Cybele is an Anatolian mother goddess. Phrygia's only known goddess, she was its national deity. Greek colonists in Asia Minor adopted and adapted her Phrygian cult and spread it to mainland Greece and to the more distant western Greek colonies around the 6th century BC. In Greece, Cybele met with a mixed reception, she became assimilated to aspects of the Earth-goddess Gaia, of her Minoan equivalent Rhea, of the harvest–mother goddess Demeter. Some city-states, notably Athens, evoked her as a protector, but her most celebrated Greek rites and processions show her as an foreign, exotic mystery-goddess who arrives in a lion-drawn chariot to the accompaniment of wild music, a disorderly, ecstatic following. Uniquely in Greek religion, she had a eunuch mendicant priesthood. Many of her Greek cults included rites to a divine Phrygian castrate shepherd-consort Attis, a Greek invention. In Greece, Cybele became associated with mountains and city walls, fertile nature, wild animals lions. In Rome, Cybele became known as Magna Mater.

The Roman state adopted and developed a particular form of her cult after the Sibylline oracle in 205 BC recommended her conscription as a key religious ally in Rome's second war against Carthage. Roman mythographers reinvented her as a Trojan goddess, thus an ancestral goddess of the Roman people by way of the Trojan prince Aeneas; as Rome established hegemony over the Mediterranean world, Romanized forms of Cybele's cults spread throughout Rome's empire. Greek and Roman writers debated and disputed the meaning and morality of her cults and priesthoods, which remain controversial subjects in modern scholarship. No contemporary text or myth survives to attest the original character and nature of Cybele's Phrygian cult, she may have evolved from a statuary type found at Çatalhöyük in Anatolia, dated to the 6th millennium BC and identified by some as a mother goddess. In Phrygian art of the 8th century BC, the cult attributes of the Phrygian mother-goddess include attendant lions, a bird of prey, a small vase for her libations or other offerings.

The inscription Matar Kubileya/Kubeleya at a Phrygian rock-cut shrine, dated to the first half of the 6th century BC, is read as "Mother of the mountain", a reading supported by ancient classical sources, consistent with Cybele as any of several similar tutelary goddesses, each known as "mother" and associated with specific Anatolian mountains or other localities: a goddess thus "born from stone". She is ancient Phrygia's only known goddess, was the highest deity of the Phrygian state, her name, the development of religious practices associated with her, may have been influenced by cult to the deified Sumerian queen Kubaba. In the 2nd century AD, the geographer Pausanias attests to a Magnesian cult to "the mother of the gods", whose image was carved into a rock-spur of Mount Sipylus; this was believed to be the oldest image of the goddess, was attributed to the legendary Broteas. At Pessinos in Phrygia, the mother goddess—identified by the Greeks as Cybele—took the form of an unshaped stone of black meteoric iron, may have been associated with or identical to Agdistis, Pessinos' mountain deity.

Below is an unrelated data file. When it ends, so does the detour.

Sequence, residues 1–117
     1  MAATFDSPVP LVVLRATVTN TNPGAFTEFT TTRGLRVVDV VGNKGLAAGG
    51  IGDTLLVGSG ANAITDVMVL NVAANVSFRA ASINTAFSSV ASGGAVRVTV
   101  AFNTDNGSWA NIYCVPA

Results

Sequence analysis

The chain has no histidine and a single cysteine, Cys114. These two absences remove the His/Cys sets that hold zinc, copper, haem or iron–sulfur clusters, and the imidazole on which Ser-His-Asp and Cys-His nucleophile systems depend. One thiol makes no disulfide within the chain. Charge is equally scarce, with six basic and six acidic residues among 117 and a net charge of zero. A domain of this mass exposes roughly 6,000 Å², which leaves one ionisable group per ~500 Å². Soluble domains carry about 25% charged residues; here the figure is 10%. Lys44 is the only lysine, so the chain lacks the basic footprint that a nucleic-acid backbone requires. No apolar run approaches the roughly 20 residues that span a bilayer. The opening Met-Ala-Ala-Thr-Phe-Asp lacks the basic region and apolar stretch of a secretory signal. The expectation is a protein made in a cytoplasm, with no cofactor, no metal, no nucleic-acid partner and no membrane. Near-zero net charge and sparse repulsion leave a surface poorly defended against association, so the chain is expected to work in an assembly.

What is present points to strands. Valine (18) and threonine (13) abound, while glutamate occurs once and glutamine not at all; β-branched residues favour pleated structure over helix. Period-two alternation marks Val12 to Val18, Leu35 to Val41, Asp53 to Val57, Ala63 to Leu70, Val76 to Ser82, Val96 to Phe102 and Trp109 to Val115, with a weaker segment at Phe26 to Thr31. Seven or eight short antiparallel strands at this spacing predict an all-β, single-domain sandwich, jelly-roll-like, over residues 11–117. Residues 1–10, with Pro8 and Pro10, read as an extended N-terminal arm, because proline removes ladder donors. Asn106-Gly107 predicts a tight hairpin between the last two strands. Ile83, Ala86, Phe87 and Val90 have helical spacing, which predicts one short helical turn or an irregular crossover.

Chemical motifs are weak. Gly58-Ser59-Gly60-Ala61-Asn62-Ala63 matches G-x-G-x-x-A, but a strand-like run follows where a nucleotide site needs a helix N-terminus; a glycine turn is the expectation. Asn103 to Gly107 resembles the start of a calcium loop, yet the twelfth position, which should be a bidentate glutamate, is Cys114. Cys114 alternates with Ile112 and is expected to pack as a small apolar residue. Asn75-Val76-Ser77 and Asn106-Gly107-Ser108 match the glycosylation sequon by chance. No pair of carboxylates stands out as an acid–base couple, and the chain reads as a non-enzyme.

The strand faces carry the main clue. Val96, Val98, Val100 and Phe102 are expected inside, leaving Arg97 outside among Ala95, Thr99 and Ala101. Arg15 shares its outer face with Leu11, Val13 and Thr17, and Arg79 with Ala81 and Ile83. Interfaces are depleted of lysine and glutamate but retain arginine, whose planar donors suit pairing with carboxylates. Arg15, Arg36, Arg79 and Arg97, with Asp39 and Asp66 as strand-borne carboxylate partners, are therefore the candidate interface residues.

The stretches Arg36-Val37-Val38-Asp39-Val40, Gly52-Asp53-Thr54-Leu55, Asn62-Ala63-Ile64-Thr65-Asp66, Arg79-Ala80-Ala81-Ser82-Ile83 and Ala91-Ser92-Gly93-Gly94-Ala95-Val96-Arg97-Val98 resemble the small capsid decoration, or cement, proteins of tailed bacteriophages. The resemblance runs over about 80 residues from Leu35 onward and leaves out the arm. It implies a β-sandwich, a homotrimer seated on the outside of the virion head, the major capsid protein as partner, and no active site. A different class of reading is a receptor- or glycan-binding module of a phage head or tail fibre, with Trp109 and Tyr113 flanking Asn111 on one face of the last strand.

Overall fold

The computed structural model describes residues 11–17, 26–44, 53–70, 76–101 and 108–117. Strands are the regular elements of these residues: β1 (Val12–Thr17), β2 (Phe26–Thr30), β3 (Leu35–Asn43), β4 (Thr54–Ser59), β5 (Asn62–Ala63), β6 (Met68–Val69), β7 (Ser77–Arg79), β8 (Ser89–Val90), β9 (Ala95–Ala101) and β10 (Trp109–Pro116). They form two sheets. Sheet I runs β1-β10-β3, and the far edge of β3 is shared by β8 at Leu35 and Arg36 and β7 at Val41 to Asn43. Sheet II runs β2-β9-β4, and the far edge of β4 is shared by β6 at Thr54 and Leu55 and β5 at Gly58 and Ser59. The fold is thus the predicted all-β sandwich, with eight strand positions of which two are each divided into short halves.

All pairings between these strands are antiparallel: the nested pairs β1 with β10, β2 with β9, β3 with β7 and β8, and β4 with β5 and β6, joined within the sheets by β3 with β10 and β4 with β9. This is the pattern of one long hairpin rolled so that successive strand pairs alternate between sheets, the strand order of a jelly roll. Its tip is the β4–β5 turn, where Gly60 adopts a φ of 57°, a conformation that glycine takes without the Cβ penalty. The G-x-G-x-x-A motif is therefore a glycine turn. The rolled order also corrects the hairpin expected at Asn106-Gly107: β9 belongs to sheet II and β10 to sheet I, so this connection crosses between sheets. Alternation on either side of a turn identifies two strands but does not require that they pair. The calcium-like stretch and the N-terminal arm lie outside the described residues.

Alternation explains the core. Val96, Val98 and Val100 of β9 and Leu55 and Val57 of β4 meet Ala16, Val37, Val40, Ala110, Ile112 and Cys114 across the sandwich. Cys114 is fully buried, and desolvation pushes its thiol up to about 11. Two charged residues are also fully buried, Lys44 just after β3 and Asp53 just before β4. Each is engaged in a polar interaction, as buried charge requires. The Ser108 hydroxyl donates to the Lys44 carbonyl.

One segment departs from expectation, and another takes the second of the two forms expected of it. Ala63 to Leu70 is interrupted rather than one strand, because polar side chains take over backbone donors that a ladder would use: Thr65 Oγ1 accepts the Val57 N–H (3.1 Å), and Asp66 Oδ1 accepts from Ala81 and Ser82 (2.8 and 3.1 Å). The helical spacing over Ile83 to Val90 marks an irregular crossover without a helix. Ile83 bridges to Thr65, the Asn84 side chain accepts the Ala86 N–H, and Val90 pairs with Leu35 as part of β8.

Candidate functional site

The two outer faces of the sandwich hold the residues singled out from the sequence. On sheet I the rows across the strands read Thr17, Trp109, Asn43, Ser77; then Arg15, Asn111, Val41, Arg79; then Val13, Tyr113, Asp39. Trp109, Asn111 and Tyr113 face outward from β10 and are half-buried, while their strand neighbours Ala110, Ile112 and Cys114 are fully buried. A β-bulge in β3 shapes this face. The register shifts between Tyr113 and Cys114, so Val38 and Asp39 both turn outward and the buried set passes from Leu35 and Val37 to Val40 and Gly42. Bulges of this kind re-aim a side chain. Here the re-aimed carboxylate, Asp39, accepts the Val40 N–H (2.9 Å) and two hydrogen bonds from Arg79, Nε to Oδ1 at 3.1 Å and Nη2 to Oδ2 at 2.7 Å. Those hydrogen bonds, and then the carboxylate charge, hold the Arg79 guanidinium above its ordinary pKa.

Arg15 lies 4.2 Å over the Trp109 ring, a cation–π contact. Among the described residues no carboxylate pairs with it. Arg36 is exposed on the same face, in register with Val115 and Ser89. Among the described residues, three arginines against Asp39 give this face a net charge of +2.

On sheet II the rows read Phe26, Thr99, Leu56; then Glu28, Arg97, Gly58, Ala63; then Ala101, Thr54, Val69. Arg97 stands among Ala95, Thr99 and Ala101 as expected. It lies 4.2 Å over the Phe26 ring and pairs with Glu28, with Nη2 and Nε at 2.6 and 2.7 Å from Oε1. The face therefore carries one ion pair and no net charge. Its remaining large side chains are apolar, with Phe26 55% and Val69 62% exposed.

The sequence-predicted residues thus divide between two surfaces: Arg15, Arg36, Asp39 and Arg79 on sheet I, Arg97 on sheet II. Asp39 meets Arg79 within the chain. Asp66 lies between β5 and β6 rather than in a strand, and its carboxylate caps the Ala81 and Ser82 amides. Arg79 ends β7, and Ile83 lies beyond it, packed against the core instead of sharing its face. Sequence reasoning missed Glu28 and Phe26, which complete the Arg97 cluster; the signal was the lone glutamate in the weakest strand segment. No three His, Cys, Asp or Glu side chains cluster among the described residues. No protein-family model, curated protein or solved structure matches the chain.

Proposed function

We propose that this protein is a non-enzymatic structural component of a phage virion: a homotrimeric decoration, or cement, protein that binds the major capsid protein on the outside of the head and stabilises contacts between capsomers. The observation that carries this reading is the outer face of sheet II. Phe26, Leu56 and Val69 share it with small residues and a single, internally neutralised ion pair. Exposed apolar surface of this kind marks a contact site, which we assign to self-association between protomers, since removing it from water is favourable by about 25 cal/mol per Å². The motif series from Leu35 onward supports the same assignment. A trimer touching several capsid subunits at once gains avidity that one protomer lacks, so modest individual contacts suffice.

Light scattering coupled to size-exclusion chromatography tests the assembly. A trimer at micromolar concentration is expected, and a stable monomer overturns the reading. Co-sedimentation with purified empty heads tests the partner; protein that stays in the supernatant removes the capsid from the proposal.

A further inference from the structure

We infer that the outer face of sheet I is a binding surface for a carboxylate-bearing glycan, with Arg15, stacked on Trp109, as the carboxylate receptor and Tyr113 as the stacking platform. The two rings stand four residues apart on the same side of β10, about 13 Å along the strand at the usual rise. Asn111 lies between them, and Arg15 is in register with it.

This was the aniconic stone, removed to Rome in 204 BC. Images and iconography in funerary contexts, the ubiquity of her Phrygian name Matar, suggest that she was a mediator between the "boundaries of the known and unknown": the civilized and the wild, the worlds of the living and the dead, her association with hawks and the stone of the mountainous landscape of the Anatolian wilderness, seem to characterize her as mother of the land in its untrammeled natural state, with power to rule, moderate or soften its latent ferocity, to control its potential threats to a settled, civilized life. Anatolian elites sought to harness her protective power to forms of ruler-cult; as protector of cities, or city states, she was sometimes shown wearing a mural crown, representing the city walls. At the same time, her power "transcended any purely political usage and spoke directly to the goddess' followers from all walks of life"; some Phrygian shaft monuments are thought to have been used for libations and blood offerings to Cybele anticipating by several centuries the pit used in her taurobolium and criobolium sacrifices during the Roman imperial era.

Over time, her Phrygian cults and iconography were transformed, subsumed, by the influences and interpretations of her foreign devotees, at first Greek and Roman. From around the 6th century BC, cults to the Anatolian mother-goddess were introduced from Phrygia into the ethnically Greek colonies of western Anatolia, mainland Greece, the Aegean islands and the westerly colonies of Magna Graecia; the Greeks called her Mātēr or Mētēr, or from the early 5th century Kubelē. Walter Burkert places her among the "foreign gods" of Greek religion, a complex figure combining the Minoan-Mycenaean tradition with the Phrygian cult imported directly from Asia Minor. In Greece, as in Phrygia, she was a "Mistress of animals", with her mastery of the natural world expressed by the lions that flank her, sit in her lap or draw her chariot, she was readil

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